So.. Once you pick your manufacturer, you still have to pick the exact model. Like I said before, that just comes down to price vs. features. Unless you’re looking at buying used, realistically only the past 1 or 2 generations will be available, and you may not be able to find THAT screamin’ of a deal on them. Buying used is a possibility, but since these are very complicated electronic devices, I would only really consider that route if you’re seriously just planning on using it to start, and you’d be buying a new camera in less than a year. Other than that, go new. You just don’t know the history otherwise, and even if it’s still got warranty coverage, warranty repair is a pain in the ass. Lenses aren’t quite the same, but then again lenses hold their value REALLY well, so you won’t be saving too much buying used vs. new.
For Canon, that means you’re basically looking at the XS or XSi at the lower-ish end, and the T1i or T2i at the higher-ish end. (Although that’s really mid-end, aka sub-$1000. Good enough for everything you’d be shooting, and even good enough for pro wedding or event photography I’d say – that applies to all 4, not just the T1i and T2i.) I’d stay away from the XS unless you’re REALLY price sensitive, because the other three have a bigger screen that’s REALLY nice, as well as better high-ISO performance, so for those benefits the money (less than $100 I think) you’d save on the XS isn’t worth it.
The choice between the XSi and the T1i is the big one. The two big differences there are a higher resolution screen (same size, just more pixels on the T1i), and the T1i shoots movies, the XSi doesn’t. The T1i has a very slight advantage in high-ISO quality, but it’s barely discernible. It’s totally a toss-up depending on how much you want those features and whether they’re worth the cost. I’m not that clear on the differences between the T1i and the T2i, but I haven’t seen anything to justify the extra $150 or whatever you’d be spending, so stick to the XSi or the T1i.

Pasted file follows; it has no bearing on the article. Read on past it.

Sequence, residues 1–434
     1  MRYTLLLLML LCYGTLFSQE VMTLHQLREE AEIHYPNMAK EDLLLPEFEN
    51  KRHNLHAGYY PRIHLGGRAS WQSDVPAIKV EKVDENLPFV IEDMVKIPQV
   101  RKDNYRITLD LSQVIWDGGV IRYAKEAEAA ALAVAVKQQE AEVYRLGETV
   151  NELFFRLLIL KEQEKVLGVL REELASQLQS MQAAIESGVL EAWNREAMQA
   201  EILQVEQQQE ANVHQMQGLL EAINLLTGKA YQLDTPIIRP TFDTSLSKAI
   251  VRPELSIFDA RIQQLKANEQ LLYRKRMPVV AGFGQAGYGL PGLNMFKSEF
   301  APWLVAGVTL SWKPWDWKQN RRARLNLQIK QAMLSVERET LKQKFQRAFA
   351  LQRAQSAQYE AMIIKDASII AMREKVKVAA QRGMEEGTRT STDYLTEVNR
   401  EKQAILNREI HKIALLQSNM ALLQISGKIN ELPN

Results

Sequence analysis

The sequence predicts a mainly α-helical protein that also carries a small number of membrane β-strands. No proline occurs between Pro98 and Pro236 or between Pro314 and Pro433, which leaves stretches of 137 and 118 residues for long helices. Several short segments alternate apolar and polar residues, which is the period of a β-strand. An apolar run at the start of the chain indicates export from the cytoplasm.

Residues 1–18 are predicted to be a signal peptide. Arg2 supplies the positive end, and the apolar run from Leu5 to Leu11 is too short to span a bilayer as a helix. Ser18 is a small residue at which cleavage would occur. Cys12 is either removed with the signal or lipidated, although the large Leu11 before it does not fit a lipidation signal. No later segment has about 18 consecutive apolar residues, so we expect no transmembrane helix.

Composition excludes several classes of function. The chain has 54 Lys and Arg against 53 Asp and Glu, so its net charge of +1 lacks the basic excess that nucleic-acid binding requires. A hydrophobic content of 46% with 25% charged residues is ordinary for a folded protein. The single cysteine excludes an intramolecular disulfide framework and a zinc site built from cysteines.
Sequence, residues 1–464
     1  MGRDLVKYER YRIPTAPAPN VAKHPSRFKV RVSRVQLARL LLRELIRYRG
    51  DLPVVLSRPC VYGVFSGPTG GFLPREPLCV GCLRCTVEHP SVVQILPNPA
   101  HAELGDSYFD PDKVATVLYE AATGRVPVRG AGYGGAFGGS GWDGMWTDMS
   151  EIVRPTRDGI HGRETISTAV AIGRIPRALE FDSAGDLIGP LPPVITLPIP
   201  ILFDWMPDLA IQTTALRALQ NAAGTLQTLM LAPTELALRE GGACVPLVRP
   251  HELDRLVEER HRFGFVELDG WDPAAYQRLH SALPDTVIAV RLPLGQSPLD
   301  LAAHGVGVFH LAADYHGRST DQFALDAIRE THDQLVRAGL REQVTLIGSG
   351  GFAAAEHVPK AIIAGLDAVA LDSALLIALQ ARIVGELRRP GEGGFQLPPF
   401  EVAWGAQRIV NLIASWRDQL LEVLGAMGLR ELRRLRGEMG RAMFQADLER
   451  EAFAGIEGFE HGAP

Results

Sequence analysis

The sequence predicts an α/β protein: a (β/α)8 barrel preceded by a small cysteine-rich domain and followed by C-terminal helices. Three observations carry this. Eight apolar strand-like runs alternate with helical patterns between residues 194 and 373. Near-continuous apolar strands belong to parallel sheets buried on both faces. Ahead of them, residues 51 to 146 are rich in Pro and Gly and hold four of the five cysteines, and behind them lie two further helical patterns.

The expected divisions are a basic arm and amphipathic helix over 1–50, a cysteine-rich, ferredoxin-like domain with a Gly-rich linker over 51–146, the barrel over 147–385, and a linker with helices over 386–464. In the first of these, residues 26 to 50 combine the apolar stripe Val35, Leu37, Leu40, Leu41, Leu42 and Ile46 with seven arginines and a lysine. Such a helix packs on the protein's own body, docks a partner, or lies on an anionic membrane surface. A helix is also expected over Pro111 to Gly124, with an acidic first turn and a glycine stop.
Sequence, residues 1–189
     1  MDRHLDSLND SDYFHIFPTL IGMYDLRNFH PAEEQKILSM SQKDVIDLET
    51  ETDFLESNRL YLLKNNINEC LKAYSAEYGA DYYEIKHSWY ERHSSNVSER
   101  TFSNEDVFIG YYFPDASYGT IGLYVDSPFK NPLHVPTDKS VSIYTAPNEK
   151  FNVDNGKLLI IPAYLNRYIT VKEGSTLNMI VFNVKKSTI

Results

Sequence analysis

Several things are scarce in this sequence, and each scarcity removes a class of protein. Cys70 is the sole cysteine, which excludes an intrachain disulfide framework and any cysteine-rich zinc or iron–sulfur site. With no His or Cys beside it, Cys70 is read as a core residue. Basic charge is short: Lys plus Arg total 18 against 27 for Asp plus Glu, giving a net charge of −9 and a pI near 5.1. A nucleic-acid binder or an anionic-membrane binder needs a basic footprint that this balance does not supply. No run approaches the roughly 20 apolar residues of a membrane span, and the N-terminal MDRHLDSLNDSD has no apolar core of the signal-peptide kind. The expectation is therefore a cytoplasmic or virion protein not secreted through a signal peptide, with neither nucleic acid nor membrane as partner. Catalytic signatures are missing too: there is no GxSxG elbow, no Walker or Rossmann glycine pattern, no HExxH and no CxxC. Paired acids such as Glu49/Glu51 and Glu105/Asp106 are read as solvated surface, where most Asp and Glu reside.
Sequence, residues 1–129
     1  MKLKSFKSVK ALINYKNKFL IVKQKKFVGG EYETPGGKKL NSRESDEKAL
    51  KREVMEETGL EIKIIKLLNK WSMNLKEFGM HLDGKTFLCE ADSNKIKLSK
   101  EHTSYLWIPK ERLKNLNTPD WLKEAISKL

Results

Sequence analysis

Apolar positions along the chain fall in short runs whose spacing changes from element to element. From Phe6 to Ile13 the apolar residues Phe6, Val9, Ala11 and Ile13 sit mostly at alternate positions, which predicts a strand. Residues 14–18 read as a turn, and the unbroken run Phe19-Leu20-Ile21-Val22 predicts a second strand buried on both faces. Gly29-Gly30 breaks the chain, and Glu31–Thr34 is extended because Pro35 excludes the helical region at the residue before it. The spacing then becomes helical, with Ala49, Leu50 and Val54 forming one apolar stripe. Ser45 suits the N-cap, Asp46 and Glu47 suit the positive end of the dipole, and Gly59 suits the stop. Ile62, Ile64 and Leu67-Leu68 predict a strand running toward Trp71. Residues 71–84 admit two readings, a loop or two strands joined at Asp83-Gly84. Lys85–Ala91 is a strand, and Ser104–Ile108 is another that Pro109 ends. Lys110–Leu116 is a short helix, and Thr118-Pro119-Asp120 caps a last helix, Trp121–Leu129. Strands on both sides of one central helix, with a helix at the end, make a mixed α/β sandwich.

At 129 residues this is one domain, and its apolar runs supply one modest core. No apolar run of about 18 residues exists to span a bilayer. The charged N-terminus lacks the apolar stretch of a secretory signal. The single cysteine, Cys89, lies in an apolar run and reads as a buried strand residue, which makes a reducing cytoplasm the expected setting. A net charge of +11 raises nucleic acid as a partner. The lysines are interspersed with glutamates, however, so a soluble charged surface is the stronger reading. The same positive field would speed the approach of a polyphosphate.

As far as lenses, I think the Canon equivalent pro-necessity would be the 28-125 or something. But definitely don’t go there until you know you need it. For now, stick with the kit lens (Canon comes with an 18-55) and maybe pick up a cheap ($100-$250) telephoto (like a 70-300). As you use them, you may find yourself getting frustrated at one aspect or another of your setup, then depending on what the frustration is, you can figure out what you need to do to overcome it. For example, maybe you hate carrying multiple lenses and swapping them out. Then a superzoom like an 18-200 or a 28-300 may be the way to go. But remember that there’s always a trade-off, with a superzoom you’ll be sacrificing some image quality. They do everything okay but nothing great. If you find yourself wanting sharper images, then you can buy higher quality optics. If you want to be able to take pictures in lower light, you can look at getting a “faster” lens. If you want to be able to take wide angle shots, you can look at a wide angle lens. Get where I’m going with this? I can’t tell you what kind of shots you’ll find yourself wanting to take, so I can’t recommend the best lens for taking them. But, with both Canon and Nikon, the kit lenses tend to be very very good lenses, so you’re not really sacrificing anything while you figure out what lens you want to buy next. Personally, my go-to lens is the Tamron 17-50 (available on both Canon and Nikon mounts), but since you don’t know how the kit lens performs in your kind of shots, you won’t appreciate the difference, and you probably won’t be confident that it was $450 well-spent. Plus, while 17-50 is the perfect range for most of the shots that I take, to do wedding photography you’ll probably want to get closer in than that, so a 28-70 or a 28-125 may be better. See where I’m going again? That you’ll have to decide from experience where your equipment is holding you back, and you’ll have to research what the right thing is to buy to remove the roadblock. For now, start with the kit lens, and maybe a telephoto.
One thing you’ll DEFINITELY need if you’re thinking about wedding photography and whatnot is an external flash, but if you take a class I’m sure you’ll figure that one out. For indoor people pictures, it’s ALL about the lighting. 😉
Hopefully that’s helpful. I think I’m going to cut and paste this all into a page on my blog, this much effort deserves to have a wider audience.